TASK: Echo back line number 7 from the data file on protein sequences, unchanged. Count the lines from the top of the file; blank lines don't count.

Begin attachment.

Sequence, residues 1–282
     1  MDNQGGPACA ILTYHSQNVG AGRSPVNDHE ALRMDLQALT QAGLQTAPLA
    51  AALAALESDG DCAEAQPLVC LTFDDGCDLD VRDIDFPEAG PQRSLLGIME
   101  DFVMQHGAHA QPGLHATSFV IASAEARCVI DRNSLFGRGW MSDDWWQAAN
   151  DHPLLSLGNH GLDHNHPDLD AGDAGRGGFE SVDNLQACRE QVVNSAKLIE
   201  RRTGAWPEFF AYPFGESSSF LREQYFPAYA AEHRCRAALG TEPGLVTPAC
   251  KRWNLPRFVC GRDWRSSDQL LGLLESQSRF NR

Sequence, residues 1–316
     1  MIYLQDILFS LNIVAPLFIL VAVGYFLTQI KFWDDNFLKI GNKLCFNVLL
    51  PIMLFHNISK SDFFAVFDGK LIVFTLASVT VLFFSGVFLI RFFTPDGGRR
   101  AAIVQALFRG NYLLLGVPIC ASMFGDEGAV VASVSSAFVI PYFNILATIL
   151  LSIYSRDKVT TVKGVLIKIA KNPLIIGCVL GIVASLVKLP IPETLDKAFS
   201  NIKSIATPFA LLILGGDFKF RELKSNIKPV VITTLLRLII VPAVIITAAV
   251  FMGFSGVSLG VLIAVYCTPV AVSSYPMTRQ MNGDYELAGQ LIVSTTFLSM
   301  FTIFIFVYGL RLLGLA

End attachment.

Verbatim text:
   251  KRWNLPRFVC GRDWRSSDQL LGLLESQSRF NR